Executive Briefings

IBM Says METRO Group Project Proves RFID 'Mature, Reliable' for Retailers

IBM and METRO Group are boasting of efforts to implement a radio frequency identification system which tracks shipments from suppliers to warehouses, distribution centers and the retailer's stores. The companies are also teaming on a customer-focused RFID project in one of METRO Group's Galeria Kaufhof department stores. The initiative proves that RFID is reliable and affordable for retailers, according to these partners.

The two have actually been working together on RFID projects since 2003. "Our relationship with IBM has been a strategic component of our RFID programs," says Gerd Wolfram, managing director of METRO Group Information Technology GmbH. "Innovation is at the heart of our strategy. Our use of RFID is improving our operational effectiveness as well as the experience of our customers."

IBM and METRO recently completed Europe's largest RFID project. It allows METRO to track shipments from suppliers to its warehouses and distribution centers to around 200 supermarkets and stores across Germany.

Pallets of goods destined for METRO's Cash & Carry or Real stores contain an RFID tag when they leave the supplier or the group's distribution centers. The tags are scanned by RFID readers on delivery at a store location. The data captured is provided in real time to METRO's merchandise information systems using the IBM WebSphere Premises Server, which aggregates and analyzes RFID information.

Galeria Kaufhof, a division of METRO Group, has teamed with IBM on a pilot program involving approximately 30,000 articles in the men's fashion department of a store in Essen, Germany.

Employees use the system to find articles that shoppers are looking for and to monitor stock to ensure availability of popular items. The store also features devices in fitting rooms which recognize the tagged garments and display customer information such as price, fabric and care instructions.

IBM also developed Galeria Kaufhof's Store Information System, which provides real-time information on inventory based on readouts of RFID tags. The system puts comprehensive reports on business-related performance indicators into the hands of store employees and managers.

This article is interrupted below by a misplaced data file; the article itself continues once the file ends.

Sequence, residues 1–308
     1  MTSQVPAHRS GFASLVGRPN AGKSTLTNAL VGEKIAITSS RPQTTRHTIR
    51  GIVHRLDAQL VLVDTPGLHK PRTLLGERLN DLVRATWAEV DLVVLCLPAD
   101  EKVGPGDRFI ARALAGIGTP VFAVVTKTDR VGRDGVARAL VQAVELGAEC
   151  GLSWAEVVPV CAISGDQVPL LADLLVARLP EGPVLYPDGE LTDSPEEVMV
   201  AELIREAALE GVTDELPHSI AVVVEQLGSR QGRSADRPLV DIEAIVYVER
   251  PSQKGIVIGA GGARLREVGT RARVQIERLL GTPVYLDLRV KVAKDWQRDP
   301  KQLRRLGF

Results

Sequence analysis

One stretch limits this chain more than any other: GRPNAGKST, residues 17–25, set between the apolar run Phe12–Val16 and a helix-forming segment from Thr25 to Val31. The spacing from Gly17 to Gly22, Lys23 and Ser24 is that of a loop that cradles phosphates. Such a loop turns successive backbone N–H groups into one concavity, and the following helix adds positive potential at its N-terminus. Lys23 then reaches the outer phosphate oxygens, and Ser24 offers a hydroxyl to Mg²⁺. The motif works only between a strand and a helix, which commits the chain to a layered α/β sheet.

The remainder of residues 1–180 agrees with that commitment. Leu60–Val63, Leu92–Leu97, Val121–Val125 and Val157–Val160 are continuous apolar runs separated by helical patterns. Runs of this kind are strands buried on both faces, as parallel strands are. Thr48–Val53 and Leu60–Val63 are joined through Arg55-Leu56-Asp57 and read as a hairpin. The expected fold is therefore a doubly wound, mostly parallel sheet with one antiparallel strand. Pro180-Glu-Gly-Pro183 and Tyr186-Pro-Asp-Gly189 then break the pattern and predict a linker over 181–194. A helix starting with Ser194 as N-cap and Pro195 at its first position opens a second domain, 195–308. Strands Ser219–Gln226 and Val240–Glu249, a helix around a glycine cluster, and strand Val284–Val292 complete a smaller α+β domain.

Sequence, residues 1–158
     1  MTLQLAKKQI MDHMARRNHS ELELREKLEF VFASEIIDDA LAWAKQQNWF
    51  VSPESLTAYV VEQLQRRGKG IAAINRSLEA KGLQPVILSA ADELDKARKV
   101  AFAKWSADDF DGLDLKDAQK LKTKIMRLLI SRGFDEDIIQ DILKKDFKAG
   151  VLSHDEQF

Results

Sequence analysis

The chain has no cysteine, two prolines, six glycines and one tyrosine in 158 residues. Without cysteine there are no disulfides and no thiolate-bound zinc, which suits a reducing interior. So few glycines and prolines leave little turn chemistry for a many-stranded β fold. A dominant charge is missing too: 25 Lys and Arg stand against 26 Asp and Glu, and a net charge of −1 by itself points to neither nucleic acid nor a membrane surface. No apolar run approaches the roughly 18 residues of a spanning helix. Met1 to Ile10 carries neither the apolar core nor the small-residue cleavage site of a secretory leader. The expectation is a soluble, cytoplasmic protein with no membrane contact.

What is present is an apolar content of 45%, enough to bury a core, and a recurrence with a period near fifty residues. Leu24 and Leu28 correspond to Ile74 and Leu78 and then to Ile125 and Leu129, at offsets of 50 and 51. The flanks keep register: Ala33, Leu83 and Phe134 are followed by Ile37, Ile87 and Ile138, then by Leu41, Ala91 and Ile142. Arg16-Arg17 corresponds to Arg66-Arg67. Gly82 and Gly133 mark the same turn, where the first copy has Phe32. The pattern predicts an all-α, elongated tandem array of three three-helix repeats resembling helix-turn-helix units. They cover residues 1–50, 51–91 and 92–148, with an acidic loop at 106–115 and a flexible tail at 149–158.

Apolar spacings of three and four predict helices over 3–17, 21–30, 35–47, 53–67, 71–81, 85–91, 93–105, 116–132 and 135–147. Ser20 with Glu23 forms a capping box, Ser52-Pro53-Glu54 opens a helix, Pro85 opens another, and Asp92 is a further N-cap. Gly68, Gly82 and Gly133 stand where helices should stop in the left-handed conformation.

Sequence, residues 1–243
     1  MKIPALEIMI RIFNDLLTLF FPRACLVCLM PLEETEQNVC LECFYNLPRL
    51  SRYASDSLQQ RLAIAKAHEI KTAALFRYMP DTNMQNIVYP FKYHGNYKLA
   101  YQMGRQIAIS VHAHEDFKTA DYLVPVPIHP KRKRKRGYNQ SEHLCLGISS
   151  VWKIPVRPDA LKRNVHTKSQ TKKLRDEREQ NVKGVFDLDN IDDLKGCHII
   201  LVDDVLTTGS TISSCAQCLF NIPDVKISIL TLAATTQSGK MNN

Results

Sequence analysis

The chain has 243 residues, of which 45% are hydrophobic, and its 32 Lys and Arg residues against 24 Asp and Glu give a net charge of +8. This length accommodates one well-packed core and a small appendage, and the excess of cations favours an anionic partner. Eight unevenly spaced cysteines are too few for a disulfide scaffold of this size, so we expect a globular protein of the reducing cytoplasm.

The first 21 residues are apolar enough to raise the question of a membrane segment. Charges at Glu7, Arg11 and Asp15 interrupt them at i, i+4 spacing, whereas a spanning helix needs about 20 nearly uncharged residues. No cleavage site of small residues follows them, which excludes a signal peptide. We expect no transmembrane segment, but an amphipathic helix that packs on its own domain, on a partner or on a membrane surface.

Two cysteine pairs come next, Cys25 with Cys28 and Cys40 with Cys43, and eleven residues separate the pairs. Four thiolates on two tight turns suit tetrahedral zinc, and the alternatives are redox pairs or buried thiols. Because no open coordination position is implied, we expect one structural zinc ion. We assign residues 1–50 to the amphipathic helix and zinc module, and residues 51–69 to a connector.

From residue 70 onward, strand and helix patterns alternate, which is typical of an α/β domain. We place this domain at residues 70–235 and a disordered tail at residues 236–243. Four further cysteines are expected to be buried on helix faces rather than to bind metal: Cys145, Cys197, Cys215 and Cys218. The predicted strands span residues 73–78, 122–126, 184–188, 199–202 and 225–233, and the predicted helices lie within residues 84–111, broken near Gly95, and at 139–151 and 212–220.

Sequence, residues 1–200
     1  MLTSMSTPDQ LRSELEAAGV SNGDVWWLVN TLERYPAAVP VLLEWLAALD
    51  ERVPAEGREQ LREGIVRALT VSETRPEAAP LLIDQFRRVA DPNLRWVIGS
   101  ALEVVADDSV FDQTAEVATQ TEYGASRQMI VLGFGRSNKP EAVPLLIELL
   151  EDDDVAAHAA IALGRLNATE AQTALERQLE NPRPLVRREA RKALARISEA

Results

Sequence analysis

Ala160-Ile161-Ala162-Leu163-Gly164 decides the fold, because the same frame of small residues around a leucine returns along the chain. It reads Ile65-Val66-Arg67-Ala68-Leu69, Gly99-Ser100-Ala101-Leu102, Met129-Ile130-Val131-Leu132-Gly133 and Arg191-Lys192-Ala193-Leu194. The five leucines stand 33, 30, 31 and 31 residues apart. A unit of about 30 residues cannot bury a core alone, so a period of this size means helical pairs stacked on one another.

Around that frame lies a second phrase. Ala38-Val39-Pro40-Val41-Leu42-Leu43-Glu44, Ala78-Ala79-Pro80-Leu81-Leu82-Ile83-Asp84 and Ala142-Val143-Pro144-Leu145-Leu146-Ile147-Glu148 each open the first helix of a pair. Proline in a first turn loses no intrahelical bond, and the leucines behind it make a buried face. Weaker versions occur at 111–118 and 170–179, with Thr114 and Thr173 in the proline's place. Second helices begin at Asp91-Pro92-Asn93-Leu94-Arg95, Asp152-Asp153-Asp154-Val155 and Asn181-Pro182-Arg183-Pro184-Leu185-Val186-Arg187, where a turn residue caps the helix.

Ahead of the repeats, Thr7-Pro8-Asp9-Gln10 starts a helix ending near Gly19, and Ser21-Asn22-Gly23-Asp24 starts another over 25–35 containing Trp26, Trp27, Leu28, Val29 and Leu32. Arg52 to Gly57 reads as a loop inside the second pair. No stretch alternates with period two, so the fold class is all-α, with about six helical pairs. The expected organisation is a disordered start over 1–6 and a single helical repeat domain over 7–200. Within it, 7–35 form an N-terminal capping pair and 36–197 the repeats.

"With this project, METRO Group has proven that RFID technology is mature and reliable for use across a chain of retail stores at a reasonable cost, and with minimal effort for suppliers," says Martin Wildberger, vice president, RFID solutions, IBM.

Visit www.ibm.com and www.metrogroup.de

 

IBM and METRO Group are boasting of efforts to implement a radio frequency identification system which tracks shipments from suppliers to warehouses, distribution centers and the retailer's stores. The companies are also teaming on a customer-focused RFID project in one of METRO Group's Galeria Kaufhof department stores. The initiative proves that RFID is reliable and affordable for retailers, according to these partners.

The two have actually been working together on RFID projects since 2003. "Our relationship with IBM has been a strategic component of our RFID programs," says Gerd Wolfram, managing director of METRO Group Information Technology GmbH. "Innovation is at the heart of our strategy. Our use of RFID is improving our operational effectiveness as well as the experience of our customers."

IBM and METRO recently completed Europe's largest RFID project. It allows METRO to track shipments from suppliers to its warehouses and distribution centers to around 200 supermarkets and stores across Germany.

Pallets of goods destined for METRO's Cash & Carry or Real stores contain an RFID tag when they leave the supplier or the group's distribution centers. The tags are scanned by RFID readers on delivery at a store location. The data captured is provided in real time to METRO's merchandise information systems using the IBM WebSphere Premises Server, which aggregates and analyzes RFID information.

Galeria Kaufhof, a division of METRO Group, has teamed with IBM on a pilot program involving approximately 30,000 articles in the men's fashion department of a store in Essen, Germany.

Employees use the system to find articles that shoppers are looking for and to monitor stock to ensure availability of popular items. The store also features devices in fitting rooms which recognize the tagged garments and display customer information such as price, fabric and care instructions.

IBM also developed Galeria Kaufhof's Store Information System, which provides real-time information on inventory based on readouts of RFID tags. The system puts comprehensive reports on business-related performance indicators into the hands of store employees and managers.

"With this project, METRO Group has proven that RFID technology is mature and reliable for use across a chain of retail stores at a reasonable cost, and with minimal effort for suppliers," says Martin Wildberger, vice president, RFID solutions, IBM.

Visit www.ibm.com and www.metrogroup.de